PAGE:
The Place of Character and Charisma in Relationships (Gal. 5:16-26)

It is the character and charisma (power) of God in us that enables true covenant. Galatians 5:16 says, “walk in the Spirit and you won’t fulfill the lusts of the flesh.” The term “flesh” here refers more specifically to the carnal nature, not the physical body. The same chapter compares the deeds of the carnal nature to the fruit of the Spirit. In fact, the context of this whole section of scripture deals with relationship, especially between believers. This section is bracketed by “love fulfilling the law” (5:14) and “bearing each others burdens.” ( 6:2) “Walking in the Spirit” means how we live, our lifestyle. What sustains us?
The carnal nature destroys relationships. The fruit of the Spirit maintains covenant relationships. Our actions should reflect where we live. If we are “born again”, then we live in Christ. Unfortunately, sometimes our actions are more like the folks down the street who don’t know Christ. His Kingdom rule needs to be extended into every area of our life; our relationships, work, finances, feelings, and even our thoughts. The Bible says, “Bring every thought captive to Christ.” (2Cor 10:5) We are God’s workmanship; all we do should reflect that work. The testimony of our moral standards should confirm the testimony of the Word. We are ambassadors for Christ.
The root word for character means “to engrave” or “brand.” Character is the sum of all one’s inner qualities. The key question is: “do we exhibit Godly character or carnal character?” The fruit of the Spirit is the evidence of Godly character. The discipline of the Holy Spirit produces the fruit of the Holy Spirit. One can’t be a disciple if one doesn’t undergo discipline. You can’t lead or disciple others, if you are not disciplined. The Bible says, “Whom the Father loves He disciplines.” Self discipline or control is submission of the will to the Holy Spirit. What does self control mean? It means having the carnal nature in submission to God By the power of God. It doesn’t mean exercise of the self will absent the power of God.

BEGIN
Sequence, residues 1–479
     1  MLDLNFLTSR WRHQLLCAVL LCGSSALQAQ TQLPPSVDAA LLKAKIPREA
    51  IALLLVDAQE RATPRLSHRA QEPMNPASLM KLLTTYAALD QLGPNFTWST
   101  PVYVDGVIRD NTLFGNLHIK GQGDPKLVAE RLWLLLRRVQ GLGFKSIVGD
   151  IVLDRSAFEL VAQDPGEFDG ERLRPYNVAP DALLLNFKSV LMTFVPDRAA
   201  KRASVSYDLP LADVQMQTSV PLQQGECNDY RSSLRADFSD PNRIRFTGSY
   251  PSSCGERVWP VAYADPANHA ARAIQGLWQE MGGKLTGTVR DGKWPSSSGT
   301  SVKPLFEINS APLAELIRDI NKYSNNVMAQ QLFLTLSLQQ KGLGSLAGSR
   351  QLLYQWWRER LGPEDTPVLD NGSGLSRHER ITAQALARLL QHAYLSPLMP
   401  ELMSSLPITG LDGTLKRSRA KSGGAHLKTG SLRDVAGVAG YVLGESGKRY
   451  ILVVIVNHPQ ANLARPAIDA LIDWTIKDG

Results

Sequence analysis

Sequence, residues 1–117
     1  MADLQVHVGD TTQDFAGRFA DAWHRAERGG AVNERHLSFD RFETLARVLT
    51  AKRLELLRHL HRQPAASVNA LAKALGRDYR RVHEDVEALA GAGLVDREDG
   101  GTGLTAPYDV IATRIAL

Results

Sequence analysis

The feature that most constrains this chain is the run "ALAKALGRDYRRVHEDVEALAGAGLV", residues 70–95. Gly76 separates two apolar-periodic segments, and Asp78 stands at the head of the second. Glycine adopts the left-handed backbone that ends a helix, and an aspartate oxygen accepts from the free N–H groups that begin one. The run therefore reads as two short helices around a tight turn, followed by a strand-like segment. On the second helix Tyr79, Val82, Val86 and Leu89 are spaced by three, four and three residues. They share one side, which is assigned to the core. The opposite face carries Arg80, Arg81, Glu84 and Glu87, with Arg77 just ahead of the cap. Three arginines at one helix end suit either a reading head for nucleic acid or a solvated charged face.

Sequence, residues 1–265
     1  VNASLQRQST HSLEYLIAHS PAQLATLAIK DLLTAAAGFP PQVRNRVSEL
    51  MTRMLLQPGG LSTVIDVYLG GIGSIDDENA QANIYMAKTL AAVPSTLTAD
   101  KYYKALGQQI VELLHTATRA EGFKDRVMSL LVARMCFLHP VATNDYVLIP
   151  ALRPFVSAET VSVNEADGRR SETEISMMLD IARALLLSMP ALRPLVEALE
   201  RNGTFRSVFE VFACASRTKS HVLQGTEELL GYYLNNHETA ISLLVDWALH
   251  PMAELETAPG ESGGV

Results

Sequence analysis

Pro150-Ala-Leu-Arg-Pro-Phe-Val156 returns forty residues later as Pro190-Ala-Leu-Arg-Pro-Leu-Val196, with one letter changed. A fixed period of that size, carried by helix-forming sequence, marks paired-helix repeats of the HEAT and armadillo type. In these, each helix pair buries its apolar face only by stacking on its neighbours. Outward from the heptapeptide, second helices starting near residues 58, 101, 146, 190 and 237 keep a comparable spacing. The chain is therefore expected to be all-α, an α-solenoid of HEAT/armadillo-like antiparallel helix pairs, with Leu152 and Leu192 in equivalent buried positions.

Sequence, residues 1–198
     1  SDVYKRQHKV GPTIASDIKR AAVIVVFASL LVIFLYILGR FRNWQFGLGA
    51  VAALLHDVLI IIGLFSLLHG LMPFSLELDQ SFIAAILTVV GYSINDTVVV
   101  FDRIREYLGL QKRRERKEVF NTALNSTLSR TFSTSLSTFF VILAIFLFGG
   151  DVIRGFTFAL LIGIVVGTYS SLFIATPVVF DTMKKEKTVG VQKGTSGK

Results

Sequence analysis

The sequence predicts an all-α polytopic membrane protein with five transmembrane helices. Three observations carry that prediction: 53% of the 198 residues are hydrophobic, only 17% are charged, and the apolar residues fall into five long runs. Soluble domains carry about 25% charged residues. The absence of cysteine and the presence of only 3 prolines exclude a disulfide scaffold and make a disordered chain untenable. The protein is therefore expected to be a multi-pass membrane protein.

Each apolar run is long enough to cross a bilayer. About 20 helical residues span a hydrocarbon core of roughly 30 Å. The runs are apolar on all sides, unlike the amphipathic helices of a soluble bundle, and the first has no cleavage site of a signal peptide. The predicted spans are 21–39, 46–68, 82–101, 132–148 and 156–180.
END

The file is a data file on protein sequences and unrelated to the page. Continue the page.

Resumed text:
Charisma is the supernatural power of God. It is the power to minister and the power to persevere and be faithful. One of the ways that it comes is by the discipline of the Holy Spirit. Real charisma produces the fruit of the Spirit. Daniel experienced charismatic power, including prophecy, revelations, words of knowledge and words of wisdom. He had a disciplined prayer life. He submitted his will to the Holy Spirit.
There must be a balance between charisma and character. Chapter 12-14 of 1Corinthians deals with charismatic gifts. But, the real theme of those chapters is unity, cooperation and covenant relationships. The gifts are dealt with in the context of community life. 1Cor 12:7 says they are “for the common good..”
Charisma without character will come off phony and hypocritical. One who seeks charisma but resists the character building discipline of the Holy Spirit will be easily led into deception by supernatural forces opposed to God. Carnal efforts to develop character without the charisma of God are doomed to failure. True character development leads to a greater awareness of our inability to produce fruit without the full power of God. Godly character is only produced by the power of God.
So how do we deal with imbalance? First we need to discern the fake from the real. Jesus said you will know a tree by its fruit. People try to imitate real charisma, but false manifestations never bear the fruit of the Spirit. Instead, people get hurt. People try to develop character in their own strength. This leads to religious hypocrisy and legalism. People try to disciple in a carnal fashion by manipulating and controlling others. The answer to these problems is proper use, not disuse. The scripture is our authoritative standard.

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